HERMAN VOLZ: I had a few who I selected. When they got fired, I got them back.

MARY MCCHESNEY: But, most the time they were people who were given to you from off the easel project or from some other project?

HERMAN VOLZ: Yeah, they just sent me the people.

MARY MCCHESNEY: How many people did you have? How many artists did you have?


MARY MCCHESNEY: Well, how did it go? Did you used to have hundreds under your supervision?


MARY MCCHESNEY: Oh, well, what number?


ROBERT MCCHESNEY: The biggest job you had was the federal building.

HERMAN VOLZ: Yes. There I had twenty or twenty-five.

ROBERT MCCHESNEY: Twenty or twenty-five. I'm sure more worked on that than any other project.

HERMAN VOLZ: Well, that was the biggest project ever done.

ROBERT MCCHESNEY: Of course, this was, I guess, if you actually counted the artists that were on it from beginning to end. It varied all the time.

HERMAN VOLZ: At all times.

ROBERT MCCHESNEY: Remember that big loft you had there at the beginning where we did all the cartoons?


ROBERT MCCHESNEY: That was Number One something

HERMAN VOLZ: I don't remember. We were on First Street.

ROBERT MCCHESNEY: Oh, it was First Street, yes, that's right. I don't know what the number was on First Street. Yeah, that's where they were, you know a lot of girls working there. Why was it we never had any girls over on the scaffold?

HERMAN VOLZ: Well, they didn't allow them to come over because of safety measures.

MARY MCCHESNEY: Oh, is that why? Well, they were all men who worked on the Treasure Island Federal Building.

HERMAN VOLZ: I was responsible at that time. If any accident happened, they would have taken my wages away and everything else.

MARY MCCHESNEY: Really? You mean there was no insurance or anything?

HERMAN VOLZ: No. If there would be anything where I put a man and the situation was not absolutely safe or a man says I put him there and he didn't want to go, I'd be responsible.


HERMAN VOLZ: It was rough. That's why I always had to have the Federal Building Inspector come over every week if anything was slightly wrong.

MARY MCCHESNEY: Of course. Before we get to more discussion of the Treasure Island mural, I'd like to ask if you did any murals before that around San Francisco? As a supervisor did you supervise any?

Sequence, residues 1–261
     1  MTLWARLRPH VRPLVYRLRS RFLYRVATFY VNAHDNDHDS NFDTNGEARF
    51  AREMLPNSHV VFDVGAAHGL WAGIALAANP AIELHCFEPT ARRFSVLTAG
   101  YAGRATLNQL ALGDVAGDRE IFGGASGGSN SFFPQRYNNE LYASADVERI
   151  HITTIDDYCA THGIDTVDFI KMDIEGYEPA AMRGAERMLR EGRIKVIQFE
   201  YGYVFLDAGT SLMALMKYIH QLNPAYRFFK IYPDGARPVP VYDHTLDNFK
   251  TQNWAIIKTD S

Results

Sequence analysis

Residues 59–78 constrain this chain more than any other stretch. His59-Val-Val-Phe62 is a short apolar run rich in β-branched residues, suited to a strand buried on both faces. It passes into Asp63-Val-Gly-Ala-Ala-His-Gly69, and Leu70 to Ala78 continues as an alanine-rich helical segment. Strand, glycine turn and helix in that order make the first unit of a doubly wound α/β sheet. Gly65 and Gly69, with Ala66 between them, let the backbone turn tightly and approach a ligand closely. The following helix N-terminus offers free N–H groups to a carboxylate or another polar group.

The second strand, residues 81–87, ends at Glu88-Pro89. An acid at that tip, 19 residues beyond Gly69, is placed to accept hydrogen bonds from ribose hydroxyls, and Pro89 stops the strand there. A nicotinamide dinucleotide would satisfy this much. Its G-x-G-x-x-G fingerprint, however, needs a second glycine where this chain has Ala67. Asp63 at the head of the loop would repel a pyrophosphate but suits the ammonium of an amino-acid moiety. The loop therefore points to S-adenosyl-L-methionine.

HERMAN VOLZ: No. I made countless designs and they all were turned down too.

MARY MCCHESNEY: None of them went through?

HERMAN VOLZ: I was a supervisor with absolutely no murals or any project of my own and I had it not too easy even to get that one on the Worlds Fair. Would you like me to tell how I got it?

MARY MCCHESNEY: Yes. Please do.

HERMAN VOLZ: Well, I designed a mural for a mosaic which I also made, an interesting mosaic out of semi precious stone and all kinds of materials for Timber Lodge up in Washington.

MARY MCCHESNEY: Oh. Byron Randall mentioned that. He did something up there.

HERMAN VOLZ: I designed a thing there, a mosaic there for a fountain and when I did this, it was deer and bear and the supervisor said, "Now, you are doing the right thing. Why weren't you doing this kind of thing earlier?" Make deer and trees and stumps and you would have had a long time ago a mural. Then came the question. One day Joe Daynish came to me and said, "Herman, would you like to do a mural. We have a job to do, a mural, would you like to work with another man, an artist, on this mural? And split it, you know, work together like a collective?" And I said, "Who is the man?" He said, "I cannot tell you." So, I said, "In this case, you either give it to him or give it to me. I waited so long for a mural, this time I'm going to do it the way I want." I sensed that they wanted me but they were afraid, you know, because of something.

ROBERT MCCHESNEY: Why in the world wouldn't they say who it was?